Canada, unlike many of the other nations that made their preliminary roster public, seem to be giving every single player an opportunity. Despite having a whopping 22 players with NBA experience, they invited seven of their best from their qualifiers run to challenge them. It will be a true battle.
|Nickeil Alexander-Walker||6 ft 5 in (1.96 m)||New Orleans Pelicans (USA)|
|RJ Barrett||6 ft 7 in (2.01 m)||New York Knicks (USA)|
|Aaron Best||6 ft 4 in (1.93 m)||Riesen Ludwigsburg (GER)|
|Luguentz Dort||6 ft 4 in (1.93 m)||Oklahoma City Thunder (USA)|
|Shai Gilgeous-Alexander||6 ft 6 in (1.98 m)||Oklahoma City Thunder (USA)|
|Brady Heslip||6 ft 2 in (1.88 m)||Istanbul BB (TUR)|
|Cory Joseph||6 ft 3 in (1.91 m)||Sacramento Kings (USA)|
|Naz Mitrou-Long||6 ft 4 in (1.93 m)||Salt Lake City Stars (USA)|
|Jamal Murray||6 ft 4 in (1.93 m)||Denver Nuggets (USA)|
|Andrew Nembhard||6 ft 5 in (1.96 m)||Florida Gators (USA)|
|Kevin Pangos||6 ft 2 in (1.88 m)||FC Barcelona (SPA)|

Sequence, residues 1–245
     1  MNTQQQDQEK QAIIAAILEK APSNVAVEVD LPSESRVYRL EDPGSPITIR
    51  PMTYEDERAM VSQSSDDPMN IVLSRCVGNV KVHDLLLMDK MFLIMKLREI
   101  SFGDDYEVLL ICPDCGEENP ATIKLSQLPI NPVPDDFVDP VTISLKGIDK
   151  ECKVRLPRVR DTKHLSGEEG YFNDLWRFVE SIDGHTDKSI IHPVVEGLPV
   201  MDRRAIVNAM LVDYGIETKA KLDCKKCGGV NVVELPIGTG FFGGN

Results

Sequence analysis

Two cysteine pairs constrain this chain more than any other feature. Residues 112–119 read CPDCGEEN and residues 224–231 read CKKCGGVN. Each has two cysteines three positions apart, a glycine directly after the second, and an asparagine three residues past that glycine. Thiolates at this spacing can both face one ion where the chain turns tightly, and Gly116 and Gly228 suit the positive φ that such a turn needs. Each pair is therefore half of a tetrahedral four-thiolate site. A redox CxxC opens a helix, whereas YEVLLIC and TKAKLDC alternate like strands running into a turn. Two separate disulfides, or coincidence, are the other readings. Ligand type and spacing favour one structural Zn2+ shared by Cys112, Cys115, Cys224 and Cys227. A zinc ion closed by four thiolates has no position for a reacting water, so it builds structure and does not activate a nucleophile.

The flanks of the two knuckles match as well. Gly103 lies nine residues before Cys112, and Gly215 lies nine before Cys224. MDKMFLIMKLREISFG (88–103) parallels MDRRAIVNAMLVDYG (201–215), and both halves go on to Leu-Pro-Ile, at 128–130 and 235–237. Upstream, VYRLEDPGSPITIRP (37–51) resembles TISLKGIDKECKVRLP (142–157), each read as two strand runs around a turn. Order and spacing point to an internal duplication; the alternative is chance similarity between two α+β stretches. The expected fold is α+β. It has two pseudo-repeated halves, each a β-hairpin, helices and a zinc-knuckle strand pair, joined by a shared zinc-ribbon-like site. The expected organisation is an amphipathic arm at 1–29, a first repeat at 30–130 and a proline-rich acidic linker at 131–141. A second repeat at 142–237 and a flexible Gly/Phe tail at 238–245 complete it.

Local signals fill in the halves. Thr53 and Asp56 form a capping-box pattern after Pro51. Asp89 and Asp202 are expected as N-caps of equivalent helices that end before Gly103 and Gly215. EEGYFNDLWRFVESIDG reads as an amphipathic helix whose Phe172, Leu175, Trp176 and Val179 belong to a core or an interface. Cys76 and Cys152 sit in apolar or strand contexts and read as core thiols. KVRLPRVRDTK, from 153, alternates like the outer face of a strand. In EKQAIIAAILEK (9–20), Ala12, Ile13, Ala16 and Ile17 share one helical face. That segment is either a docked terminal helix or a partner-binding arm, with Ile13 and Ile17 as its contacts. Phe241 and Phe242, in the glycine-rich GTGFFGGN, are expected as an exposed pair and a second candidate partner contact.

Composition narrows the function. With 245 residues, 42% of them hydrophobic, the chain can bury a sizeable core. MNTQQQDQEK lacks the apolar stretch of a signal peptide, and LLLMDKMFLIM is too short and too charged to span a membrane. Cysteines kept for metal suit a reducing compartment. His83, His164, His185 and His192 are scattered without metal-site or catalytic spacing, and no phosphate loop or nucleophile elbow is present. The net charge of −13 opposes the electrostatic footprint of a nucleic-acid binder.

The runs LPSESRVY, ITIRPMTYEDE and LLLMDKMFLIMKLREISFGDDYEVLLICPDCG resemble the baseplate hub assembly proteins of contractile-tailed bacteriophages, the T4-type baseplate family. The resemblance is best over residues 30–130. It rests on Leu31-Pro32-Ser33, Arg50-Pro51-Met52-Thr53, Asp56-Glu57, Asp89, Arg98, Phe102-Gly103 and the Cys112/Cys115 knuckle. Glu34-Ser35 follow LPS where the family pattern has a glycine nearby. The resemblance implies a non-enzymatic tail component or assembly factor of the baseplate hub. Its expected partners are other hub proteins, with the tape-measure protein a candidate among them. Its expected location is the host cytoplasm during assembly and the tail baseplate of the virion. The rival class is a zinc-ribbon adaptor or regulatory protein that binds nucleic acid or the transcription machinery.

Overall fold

|Phil Scrubb||6 ft 4 in (1.93 m)||Zenit Saint Petersburg (RUS)|
|Andy Rautins||6 ft 4 in (1.93 m)||Bahcesehir Koleji Istanbul (TUR)|
|Nik Stauskas||6 ft 6 in (1.98 m)||Cleveland Cavaliers (USA)|
The guard position is where Team Canada excels. With star players Jamal Murray and RJ Barrett leading the line, Canada maintains one of the tournaments strongest scorers and playmakers in their backcourt.
Denver Nuggets (@nuggets) January 4, 2019
They also have a number of capable three-point shooters (Heslip, Rautins, Stauskas, Pangos), defenders (Dort, Gilgeous-Alexander, Scrubb), and two-way talents (Alexander-Walker, Best, Scrubb). Cutting down the guard position will be tough for coach Nick Nurse.
|Oshae Brissett||6 ft 9 in (2.06 m)||Toronto Raptors (USA)|